Eating in Italy is a very, very important part of life, and eating well is a priority for everyone, in all walks of life. During the evening news on Christmas day, they showed footage of the soldiers in Iraq spending their day, which included a celebration of mass, but also a description of all the courses of their Christmas dinner, which the news announcer dutifully rattled off – tortellini followed by an ‘arrosto’, with a salad, and potatoes.
Not to say that one doesn’t eat well elsewhere. On the contrary, I miss the variety of food available in the US (especially Burritos!). However, Italians have truly perfected the art of dinner, “la cena”. Since we didn’t go back to the states over the holidays it’s a ritual I had plenty of opportunities to become well acquainted with. Do keep in mind that this is not how dinner is every day!
Things begin slowly with an antipasto, which is accompanied by an aperitif – everything is accompanied by some form of alcohol, although never too much. Antipasti would probably be a meal in and of themselves for many an American in a hurry at lunch. They tend to be small and delicate, with a spot of meat or sauce to give them some flavor. At weddings, where the meals are truly huge, a common piece of advice is to not overdo the appetizers, a mistake I made myself at the first wedding I attended in Italy. My friends had advised me not to eat too much – nay, anything that morning in preparation for the big feast. I was starving by the time we got there, and lit into the antipasti, much to my regret when the later courses were brought out…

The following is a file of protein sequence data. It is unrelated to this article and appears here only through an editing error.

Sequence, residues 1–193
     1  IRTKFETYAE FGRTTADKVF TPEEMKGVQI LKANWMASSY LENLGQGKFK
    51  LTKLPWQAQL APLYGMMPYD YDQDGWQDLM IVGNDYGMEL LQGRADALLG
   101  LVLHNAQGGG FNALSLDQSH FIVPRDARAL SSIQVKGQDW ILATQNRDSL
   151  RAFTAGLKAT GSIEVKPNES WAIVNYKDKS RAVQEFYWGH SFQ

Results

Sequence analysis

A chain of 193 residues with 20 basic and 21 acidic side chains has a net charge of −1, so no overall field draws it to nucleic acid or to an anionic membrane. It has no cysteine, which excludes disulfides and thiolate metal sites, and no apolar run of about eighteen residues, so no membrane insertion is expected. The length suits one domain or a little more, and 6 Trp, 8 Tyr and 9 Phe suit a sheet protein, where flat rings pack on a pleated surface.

“Il primo”, or first course, is probably what most characterizes Italian cuisine in the eyes of the world, for it is here that pastas, risottos, minestrones, and so on are served. The varieties are endless – each region has its own special kinds of pastas and sauces, but they are all delectable. Some of my favorites include ragu` (not the crappy brand of pasta sauce found in stores in the US), which is otherwise known as “bolognese meat sauce”, and pasticcio – or what we think of as lasagna (which is apparently just the pasta used), which is made in northern Italy with more ground beef, cream and bechemel than tomato sauce. Of course, all of this is washed down with a glass or two of red or white wine!
At this point, most normal adults have probably consumed a healthy amount of food, but depending on the event, the meal may just be getting started! It’s not rare to have another “primo” follow on the heels of the first, and who can resist another plate of delicious pasta?
The “secondo” is where meat, poultry or fish is served. Often, it’s a relatively simple dish, where the natural flavor of the meat is brought out through the judicious use of herbs, but really without much in the way of extraneous sauces.
Those are the main characters, but there are also the supporting roles, the “contorno” such as salad, potatoes or vegetables, served with the secondo. And after the secondo, there is still a small procession of fruits, cheeses, and deserts which wind down to an espresso and maybe a shot of grappa.
At this point, you are of course virtually immobile, but quite content with the world.